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Ring app for Android found to be 'packed' with third-party data trackers

Ring Video Doorbell Pro lifestyle
Ring Video Doorbell Pro lifestyle (Image credit: Ring)

What you need to know

  • An investigation by EFF has revealed that the Ring doorbell app for Android is laden with third-party trackers.
  • The trackers reportedly send out sensitive information such as the customers' names, sensor data, private IP addresses, and more.
  • Ring app has been found to deliver users' personal information to four analytics and marketing companies – Facebook, MixPanel, AppsFlyer, and Branch.

An investigation carried out by the Electronic Frontier Foundation (EFF) has revealed that the Ring app for Android (opens in new tab) is "packed" with third-party trackers, sending out a wide range of personally identifiable information (PII) to analytics and marketing companies.

The EFF investigation found that Ring for Android v3.21.1 sends users' personal information to four analytics and marketing companies: Facebook, Branch, AppsFlyer, and MixPanel. Facebook receives alerts whenever the app is opened and upon app deactivation after screen lock due to inactivity. Even if the Ring user does not have a Facebook account, the social networking giant still receives information such as their time zone, device model, language preferences, as well as a unique identifier.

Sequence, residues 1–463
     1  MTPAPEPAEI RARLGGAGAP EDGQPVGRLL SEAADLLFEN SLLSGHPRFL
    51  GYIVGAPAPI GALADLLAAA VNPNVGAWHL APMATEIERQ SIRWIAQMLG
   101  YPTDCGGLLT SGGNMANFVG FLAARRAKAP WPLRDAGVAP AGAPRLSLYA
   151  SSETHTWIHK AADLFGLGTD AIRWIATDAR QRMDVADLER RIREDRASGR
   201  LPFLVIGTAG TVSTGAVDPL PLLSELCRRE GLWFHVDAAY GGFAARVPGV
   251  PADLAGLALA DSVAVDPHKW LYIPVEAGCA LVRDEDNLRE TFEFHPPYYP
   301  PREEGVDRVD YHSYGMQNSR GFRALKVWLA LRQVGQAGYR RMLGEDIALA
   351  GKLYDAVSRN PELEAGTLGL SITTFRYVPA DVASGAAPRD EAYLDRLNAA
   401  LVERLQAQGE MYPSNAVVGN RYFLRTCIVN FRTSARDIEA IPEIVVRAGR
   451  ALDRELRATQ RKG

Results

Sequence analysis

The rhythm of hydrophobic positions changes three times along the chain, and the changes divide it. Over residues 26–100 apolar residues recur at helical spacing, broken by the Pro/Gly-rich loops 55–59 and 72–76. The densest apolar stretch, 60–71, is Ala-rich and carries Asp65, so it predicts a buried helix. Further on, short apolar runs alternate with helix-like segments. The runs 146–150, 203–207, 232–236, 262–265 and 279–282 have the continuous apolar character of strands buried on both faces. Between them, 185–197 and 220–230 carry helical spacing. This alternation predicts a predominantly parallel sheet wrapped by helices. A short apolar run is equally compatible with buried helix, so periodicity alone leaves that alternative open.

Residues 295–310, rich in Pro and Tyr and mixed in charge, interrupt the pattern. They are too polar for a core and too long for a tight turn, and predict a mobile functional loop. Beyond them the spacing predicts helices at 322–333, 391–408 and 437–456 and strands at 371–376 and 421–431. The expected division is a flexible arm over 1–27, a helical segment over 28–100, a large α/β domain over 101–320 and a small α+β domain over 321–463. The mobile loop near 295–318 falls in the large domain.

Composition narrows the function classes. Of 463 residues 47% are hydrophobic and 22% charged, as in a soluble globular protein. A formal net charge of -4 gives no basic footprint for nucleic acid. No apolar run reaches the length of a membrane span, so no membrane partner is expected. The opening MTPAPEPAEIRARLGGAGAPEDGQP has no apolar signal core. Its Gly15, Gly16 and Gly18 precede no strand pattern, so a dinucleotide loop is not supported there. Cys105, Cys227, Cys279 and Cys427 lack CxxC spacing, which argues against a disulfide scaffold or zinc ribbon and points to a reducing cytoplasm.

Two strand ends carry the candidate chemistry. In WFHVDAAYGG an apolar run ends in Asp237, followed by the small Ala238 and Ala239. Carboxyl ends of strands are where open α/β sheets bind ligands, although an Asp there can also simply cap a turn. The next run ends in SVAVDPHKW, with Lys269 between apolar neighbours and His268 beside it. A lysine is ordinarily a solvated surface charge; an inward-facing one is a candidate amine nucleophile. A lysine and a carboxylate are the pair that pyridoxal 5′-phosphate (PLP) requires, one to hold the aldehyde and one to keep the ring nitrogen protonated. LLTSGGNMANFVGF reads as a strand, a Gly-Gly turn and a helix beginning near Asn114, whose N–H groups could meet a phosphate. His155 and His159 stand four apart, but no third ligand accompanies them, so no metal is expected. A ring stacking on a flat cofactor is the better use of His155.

The most information, however, is sent to MixPanel. In addition to device information, the company receives users' full names, email addresses, and app settings including the number of locations they have Ring devices installed in. MixPanel also happens to be the only company to be mentioned in Ring's list of third party services. The Ring Privacy Notice, which was last updated on May 22, 2018, notes that the company uses third-party data analytics platforms "to evaluate use of its website and mobile apps."

More alarmingly, AppsFlyer receives sensor data from Ring devices. On its test device, EFF found the Ring app was sending out data from the magnetometer, gyroscope, and the accelerometer. Additionally, EFF says Ring sends some information to Google-owned crash logging service Crashalytics, although it was unable to determine the exact extent of data sharing with the service.

While the EFF used Ring for Android v3.21.1 in its testing, Ring released v3.22.1 of its app on the Play Store yesterday. At this point, however, it is unclear if the latest version of the Ring app for Android is "packed" with the same third-party trackers as v3.21.1 tested by the EFF.

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Babu Mohan
News Writer
  • This concerns me. I use Ring products.
  • Did android central reach out for comments from Ring?
  • A bit disappointing, but not at all surprising.
  • So they share data; what now?? Anyone doing anything about it?? Is there anything I can do about it to prevent data sharing??
  • We NEED Someone to come up with a FIX to BLOCK Any and All 3rd Party from getting Our Information. This Should ONLY be between Us the User and RING ONLY!!!!!!
  • The solution is so easy. DO NOT USE THIS CRAP! We got along fine before and will so in the future.
  • It is not always that simple. Ring and Hello are God send for those with reduced mobility and safety concerns. It is Amazon and Nest responsibility to fix this crap. Third party involvement shouldn't be allowed. As simple as that...
  • Does this mean that AC just might stop pimping Ring products to collect a commission? Stupid question.